Comms offers fertile ground for candid discussion of vital issues

In Detroit last week, I met with a number of PR pros at the PRSA International Conference. The crowd, estimated at just under 3,000, included educators, CEOs, top-level agency and corporate PR pros, and students who attended a PRSSA session concurrently.

In Detroit last week, I met with a number of PR pros at the PRSA International Conference. The crowd, estimated at just under 3,000, included educators, CEOs, top-level agency and corporate PR pros, and students who attended a PRSSA session concurrently.

Everyone was bullish on PR, including Bob Lutz, vice chairman at General Motors; Craig Newmark, founder of Craigslist; Jon Iwata, SVP of marketing and communications at IBM, and Lou Capozzi, chairman emeritus of Publicis PR and Corporate Communications Group. Yet, there was a sensitivity to anyone who diverged from the preferred lexicon. Penelope Trunk, author of Brazen Careerist, stirred up the crowd as she continued to use the word “spin” as a positive tool. Out of work for a bit? “Spin” this into something positive, she counseled. This is what you all do so well – spin – Trunk continued. Finally, PRSA chair Jeff Julin corrected her, and she toned it down. What she was trying to say should have been obvious, yet the word clearly hit a nerve with the audience.

The industry continues to take knocks from the general public, Congress, and the media. But simply shouting back won't change anything. As I've learned in my six months with PRWeek, transparency and authenticity are words that readily trip off the tongue, and, certainly, there are those making concentrated efforts to educate the rest of the world on the value of communications, and just what it is that PR pros do.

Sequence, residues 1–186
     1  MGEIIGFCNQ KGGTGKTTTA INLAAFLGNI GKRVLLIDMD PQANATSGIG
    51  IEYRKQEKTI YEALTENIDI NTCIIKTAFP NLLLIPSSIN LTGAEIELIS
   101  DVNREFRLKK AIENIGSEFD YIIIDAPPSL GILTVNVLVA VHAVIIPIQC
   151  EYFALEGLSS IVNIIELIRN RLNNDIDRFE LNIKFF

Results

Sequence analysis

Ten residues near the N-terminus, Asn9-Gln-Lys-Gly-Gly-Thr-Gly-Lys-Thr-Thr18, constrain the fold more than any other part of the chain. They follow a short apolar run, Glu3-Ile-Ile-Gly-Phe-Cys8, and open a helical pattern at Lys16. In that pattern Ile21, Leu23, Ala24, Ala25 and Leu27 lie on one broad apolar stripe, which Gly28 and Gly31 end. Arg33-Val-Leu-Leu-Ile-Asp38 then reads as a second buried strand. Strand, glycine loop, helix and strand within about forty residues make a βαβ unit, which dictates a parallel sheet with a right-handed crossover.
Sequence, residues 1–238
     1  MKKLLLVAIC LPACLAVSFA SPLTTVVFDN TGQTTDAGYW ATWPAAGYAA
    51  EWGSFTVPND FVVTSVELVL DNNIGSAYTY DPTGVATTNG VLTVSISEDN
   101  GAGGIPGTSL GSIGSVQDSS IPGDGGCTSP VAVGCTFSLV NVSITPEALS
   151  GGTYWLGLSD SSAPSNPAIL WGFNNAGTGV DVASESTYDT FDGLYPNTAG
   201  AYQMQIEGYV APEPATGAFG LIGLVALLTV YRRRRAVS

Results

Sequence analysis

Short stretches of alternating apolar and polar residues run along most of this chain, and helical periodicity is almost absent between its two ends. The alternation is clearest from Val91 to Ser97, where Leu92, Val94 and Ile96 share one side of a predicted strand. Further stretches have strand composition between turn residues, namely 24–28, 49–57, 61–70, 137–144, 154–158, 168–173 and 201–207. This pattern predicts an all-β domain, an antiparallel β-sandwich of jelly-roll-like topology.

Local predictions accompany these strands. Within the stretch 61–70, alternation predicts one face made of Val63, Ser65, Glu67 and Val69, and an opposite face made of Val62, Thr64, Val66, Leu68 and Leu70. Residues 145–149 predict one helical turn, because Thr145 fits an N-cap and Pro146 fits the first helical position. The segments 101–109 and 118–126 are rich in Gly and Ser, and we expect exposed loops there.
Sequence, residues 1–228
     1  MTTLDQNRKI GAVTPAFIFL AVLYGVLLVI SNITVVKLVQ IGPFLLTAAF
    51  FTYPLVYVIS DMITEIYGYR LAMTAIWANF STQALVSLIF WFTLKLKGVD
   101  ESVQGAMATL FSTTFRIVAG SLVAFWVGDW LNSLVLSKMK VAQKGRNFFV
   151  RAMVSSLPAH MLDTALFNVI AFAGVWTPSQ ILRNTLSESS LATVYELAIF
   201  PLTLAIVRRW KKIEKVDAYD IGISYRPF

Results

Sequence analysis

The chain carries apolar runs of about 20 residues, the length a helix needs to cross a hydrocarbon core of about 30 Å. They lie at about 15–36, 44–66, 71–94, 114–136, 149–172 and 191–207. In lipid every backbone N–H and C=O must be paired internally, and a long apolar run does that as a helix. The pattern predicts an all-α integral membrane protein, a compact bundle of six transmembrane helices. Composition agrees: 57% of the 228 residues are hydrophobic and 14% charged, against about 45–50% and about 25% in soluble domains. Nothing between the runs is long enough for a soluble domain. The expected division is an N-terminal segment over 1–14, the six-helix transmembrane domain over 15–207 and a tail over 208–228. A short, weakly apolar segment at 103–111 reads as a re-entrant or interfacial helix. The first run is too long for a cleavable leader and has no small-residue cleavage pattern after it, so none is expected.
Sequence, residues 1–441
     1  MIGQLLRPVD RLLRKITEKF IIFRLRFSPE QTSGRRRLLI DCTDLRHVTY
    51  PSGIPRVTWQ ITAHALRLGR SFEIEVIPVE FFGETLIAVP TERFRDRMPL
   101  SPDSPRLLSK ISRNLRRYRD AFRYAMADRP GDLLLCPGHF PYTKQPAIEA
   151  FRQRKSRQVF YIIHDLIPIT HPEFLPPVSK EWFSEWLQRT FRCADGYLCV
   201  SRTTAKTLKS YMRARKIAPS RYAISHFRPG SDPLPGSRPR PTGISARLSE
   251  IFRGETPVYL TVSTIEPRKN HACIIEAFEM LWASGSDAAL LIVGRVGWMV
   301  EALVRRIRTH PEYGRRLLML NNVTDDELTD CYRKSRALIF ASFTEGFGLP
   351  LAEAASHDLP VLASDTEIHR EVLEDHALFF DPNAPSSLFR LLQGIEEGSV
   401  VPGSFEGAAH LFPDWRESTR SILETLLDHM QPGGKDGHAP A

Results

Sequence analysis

However, Lutz pointed out in his PRSA talk that there's still too much “canned” corporate speak that gets passed off as communications. He called himself a lifelong critic of “corporate communications” that don't actually say anything. He complained that, while offering a “sanitized” version of events and communications might mean that nothing wrong per se gets through, neither does anything worthwhile or memorable.

He's absolutely right. Although Lutz focused on GM's success in promoting the Volt development in an unprecedented open manner, his point has particular relevance in a down economy. As some continue to shake from market fallout, leaders will emerge. Those leaders will be people – executives to bloggers – who offer real information, real guidance: The truth, ugly or not.

I'm not so naïve as to believe that corporations are just going to hand over their innermost secrets, nor would that be wise – Lutz aptly noted that you can tell someone how you're feeling without discussing the inner workings of your digestive tract. But with a world looking for direction, there's opportunity to stand out and offer real, thoughtful communications – minus the Purell.

Take a risk, and you'll risk standing out. I'm still waiting for a PR exec to speak candidly, on the record, about how the current economic strain will affect business. Call me.

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